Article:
I had to agree with him.  He went in the general direction of the cave. I was taking photos of tadpoles and checking out frogs.   I heard him yip from behind me and I knew something was wrong.  He was pale and backing away. He'd been right about the snakey comment.  He came an ace of stepping on that copperhead in the weeds.   We decided it was best for us to mosey on.

      We went further up the cove and saw the typical rocky, dry river beds of the plateau's karst land.   Swallets stood along the edges of some of these dry washes waiting like large open mouths for the water to return for them to drink.   We saw something move to the drivers side and it was a 
green heron!   Today we saw lots of wildlife.   Here is what we saw:
  • two deer
  • half dozen turkeys
  • pair of wood ducks
  • two hawks
  • lots of trout
  • minnows
  • frogs
  • one copperhead
  • one muskrat
  • a beaver dam but no beavers visible
  • two cardinals
  • one indigo bunting
  • one green heron
We turned and went up a side trail that did not look familiar just to see where it went. It was through an ugly area where they were logging.  Finally we turned around and headed back to follow the track we were supposed to be on.  We soon passed an old building.  Turns out is is the Bryant's Cove Church.  It had a big sign on it that said "No Camping", but right past it was a travel trailer.  I guess that is the manse.  Gotta love living in the Bible Belt.  Here in Tennessee you pass signs just anytime telling you things like "Its time to turn so you don't burn." and "Get Right with Jesus while its still time!"  I'm not making fun. I'm a believer in Christ.  It just tickles me some of the stereotypical sign hanging behavior.  I can't help having a fondness for preachers with nicknames like "Cotton" and "Mutt". It sounds like where I come from in Virginia.  Only the men there with those nicknames were not exactly preachers.  My Pawpaw was "Shine" Bradley.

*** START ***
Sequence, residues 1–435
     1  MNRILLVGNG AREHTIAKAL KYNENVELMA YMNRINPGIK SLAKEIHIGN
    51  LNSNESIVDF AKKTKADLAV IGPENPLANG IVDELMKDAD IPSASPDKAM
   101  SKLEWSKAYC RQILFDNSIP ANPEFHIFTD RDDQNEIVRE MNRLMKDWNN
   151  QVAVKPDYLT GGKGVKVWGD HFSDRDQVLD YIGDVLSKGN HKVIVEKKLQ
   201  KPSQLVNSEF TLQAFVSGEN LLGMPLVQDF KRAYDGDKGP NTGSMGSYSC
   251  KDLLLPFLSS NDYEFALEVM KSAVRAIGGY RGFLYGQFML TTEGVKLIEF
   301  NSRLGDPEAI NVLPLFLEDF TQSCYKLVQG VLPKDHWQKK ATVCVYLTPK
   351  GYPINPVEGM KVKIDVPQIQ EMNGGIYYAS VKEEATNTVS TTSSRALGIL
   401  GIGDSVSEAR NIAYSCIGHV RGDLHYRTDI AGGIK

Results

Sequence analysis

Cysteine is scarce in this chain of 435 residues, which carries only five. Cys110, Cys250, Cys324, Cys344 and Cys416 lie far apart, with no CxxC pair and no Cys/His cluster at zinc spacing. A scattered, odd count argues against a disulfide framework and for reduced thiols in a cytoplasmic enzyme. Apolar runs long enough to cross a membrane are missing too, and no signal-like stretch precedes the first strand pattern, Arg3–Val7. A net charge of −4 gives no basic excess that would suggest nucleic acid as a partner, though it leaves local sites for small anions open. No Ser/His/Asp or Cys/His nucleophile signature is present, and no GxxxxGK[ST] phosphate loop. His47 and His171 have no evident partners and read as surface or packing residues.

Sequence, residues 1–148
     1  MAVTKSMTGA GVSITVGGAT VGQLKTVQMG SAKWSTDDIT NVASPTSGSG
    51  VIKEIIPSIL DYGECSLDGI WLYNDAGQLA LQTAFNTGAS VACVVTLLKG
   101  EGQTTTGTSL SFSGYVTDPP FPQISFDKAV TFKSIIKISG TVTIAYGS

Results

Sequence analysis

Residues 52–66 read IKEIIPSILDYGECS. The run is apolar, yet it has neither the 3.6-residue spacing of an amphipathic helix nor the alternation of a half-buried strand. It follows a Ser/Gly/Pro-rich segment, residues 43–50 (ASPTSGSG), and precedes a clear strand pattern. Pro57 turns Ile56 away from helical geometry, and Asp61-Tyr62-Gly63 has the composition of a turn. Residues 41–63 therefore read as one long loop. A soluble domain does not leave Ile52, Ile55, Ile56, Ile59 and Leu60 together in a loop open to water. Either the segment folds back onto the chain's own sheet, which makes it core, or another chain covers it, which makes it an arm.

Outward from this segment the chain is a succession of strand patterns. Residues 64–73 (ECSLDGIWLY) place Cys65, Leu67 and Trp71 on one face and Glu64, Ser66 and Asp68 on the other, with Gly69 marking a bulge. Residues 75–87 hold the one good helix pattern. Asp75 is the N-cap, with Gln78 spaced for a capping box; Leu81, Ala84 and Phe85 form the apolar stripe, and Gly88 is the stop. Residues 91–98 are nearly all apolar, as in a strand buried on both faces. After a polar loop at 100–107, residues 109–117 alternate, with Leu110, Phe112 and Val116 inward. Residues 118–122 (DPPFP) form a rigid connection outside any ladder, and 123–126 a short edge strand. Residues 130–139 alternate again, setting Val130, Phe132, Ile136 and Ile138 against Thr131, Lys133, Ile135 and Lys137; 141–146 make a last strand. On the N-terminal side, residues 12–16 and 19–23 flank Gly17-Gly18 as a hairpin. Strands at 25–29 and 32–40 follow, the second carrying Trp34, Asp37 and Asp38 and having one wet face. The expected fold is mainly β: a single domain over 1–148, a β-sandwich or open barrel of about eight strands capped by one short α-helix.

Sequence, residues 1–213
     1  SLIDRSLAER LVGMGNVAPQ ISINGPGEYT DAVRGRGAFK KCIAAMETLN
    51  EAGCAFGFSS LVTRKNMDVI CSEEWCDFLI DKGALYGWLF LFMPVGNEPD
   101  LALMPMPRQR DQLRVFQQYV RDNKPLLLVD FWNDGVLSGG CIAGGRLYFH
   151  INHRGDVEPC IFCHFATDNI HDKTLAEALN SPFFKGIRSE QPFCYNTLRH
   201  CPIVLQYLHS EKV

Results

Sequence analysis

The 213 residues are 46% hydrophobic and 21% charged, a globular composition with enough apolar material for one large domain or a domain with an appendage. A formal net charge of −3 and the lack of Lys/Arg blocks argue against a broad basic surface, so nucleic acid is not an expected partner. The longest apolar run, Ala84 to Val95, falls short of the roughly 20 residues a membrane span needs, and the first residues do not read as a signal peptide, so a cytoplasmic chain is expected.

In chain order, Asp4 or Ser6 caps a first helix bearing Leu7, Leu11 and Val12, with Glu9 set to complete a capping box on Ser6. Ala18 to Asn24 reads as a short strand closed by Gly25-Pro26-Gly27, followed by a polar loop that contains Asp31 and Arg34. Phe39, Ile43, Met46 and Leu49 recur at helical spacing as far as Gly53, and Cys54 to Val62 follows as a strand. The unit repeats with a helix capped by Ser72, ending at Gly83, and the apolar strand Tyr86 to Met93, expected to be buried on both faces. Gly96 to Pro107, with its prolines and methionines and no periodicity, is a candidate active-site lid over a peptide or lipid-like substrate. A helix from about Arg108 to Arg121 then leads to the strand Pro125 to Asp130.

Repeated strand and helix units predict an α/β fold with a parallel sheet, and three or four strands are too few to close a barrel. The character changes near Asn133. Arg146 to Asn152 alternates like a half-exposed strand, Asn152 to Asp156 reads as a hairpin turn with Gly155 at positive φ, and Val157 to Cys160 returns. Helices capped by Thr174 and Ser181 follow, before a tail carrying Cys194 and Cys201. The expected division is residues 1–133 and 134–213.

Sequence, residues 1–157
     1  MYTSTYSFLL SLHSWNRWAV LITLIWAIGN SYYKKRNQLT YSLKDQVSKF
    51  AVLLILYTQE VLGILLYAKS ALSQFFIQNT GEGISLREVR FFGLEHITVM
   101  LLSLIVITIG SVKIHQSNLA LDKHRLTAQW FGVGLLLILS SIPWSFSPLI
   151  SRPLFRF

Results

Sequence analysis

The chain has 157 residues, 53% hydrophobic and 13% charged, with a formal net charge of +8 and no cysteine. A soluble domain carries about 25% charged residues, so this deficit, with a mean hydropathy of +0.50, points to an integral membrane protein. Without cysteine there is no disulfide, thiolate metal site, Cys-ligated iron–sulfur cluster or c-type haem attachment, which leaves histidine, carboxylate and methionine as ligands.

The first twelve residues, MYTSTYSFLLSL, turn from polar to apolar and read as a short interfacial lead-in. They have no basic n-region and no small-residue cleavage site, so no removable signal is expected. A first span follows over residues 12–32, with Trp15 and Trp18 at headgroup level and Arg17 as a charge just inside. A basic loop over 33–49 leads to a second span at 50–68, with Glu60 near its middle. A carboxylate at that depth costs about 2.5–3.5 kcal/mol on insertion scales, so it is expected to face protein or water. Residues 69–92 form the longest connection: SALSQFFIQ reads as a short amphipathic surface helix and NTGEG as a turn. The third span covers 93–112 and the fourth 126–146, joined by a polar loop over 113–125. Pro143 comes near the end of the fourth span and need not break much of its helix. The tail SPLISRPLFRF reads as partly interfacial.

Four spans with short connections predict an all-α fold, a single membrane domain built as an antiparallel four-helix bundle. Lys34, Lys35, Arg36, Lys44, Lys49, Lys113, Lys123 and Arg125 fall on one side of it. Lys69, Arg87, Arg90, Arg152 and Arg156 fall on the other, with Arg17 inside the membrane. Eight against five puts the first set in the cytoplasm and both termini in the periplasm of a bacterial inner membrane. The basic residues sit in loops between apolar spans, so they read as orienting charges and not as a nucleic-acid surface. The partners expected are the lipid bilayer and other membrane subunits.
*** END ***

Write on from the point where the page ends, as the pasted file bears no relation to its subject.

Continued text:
Top: Bryants Cove Church
Middle: Placquard on the front of the church
Bottom: I guess the trailer is the parsonage.

    The river began having a little water in it.  We followed it along and eventually we came to a spot
where I got my first glimpse of something I had not seen in awhile.  The beautiful aquamarine color of the waters of the Little Sequatchie River.   The color I associate with the Cumberland Plateau.   It was hot out.  
The river was deep in shade and looked so inviting.  I saw two large trout and a school of smaller fish swim past.   A nice sunny, hot day and a clear stream of sparkling green water was too hard to resist so I didn't 
even try.  I shucked off and dived in head first.   The water was cold even for me, but once I got in and was wet it became easier to tolerate.   It was that spicy kind of cold.  Water so cold it feels hot.  Makes your skin turn red.  Steam was coming up and fog hanging in the valley over the stream. Rain drops fell now and then out of a clear sky and steam came up.  I was doing the back stroke looking up at a blue sky and dark green
leaves on the trees.   I rolled over and gathered a mouthful of water and sprayed it like a fountain.  I was a cartoon character.  Moments like this make lasting, special memories for me.  Times like this I feel truly and fully alive.   Glad to live where I do and be who I am. 
My swimming hole for the day.  

     Kenny reminded me we still had a long way to go.   I reluctantly got out and dried off with a towel and put my stuff back on.  We went further up the river and encountered some people.  All 
other riders who were out for the day.  We chatted with them a bit and traded info. They were nice men and very helpful.   The one man indicated we were heading the correct way to find a waterfall that was supposed to be along this loop.  We were hoping to see two falls today. I had read about them and had seen photos.  Kenny had seen both of them on his trip three years earlier and so far was doing a great job of re-creating the route.   

Kenny and me visiting with a couple other riders.  The fellow in the gray tee shirt was very helpful.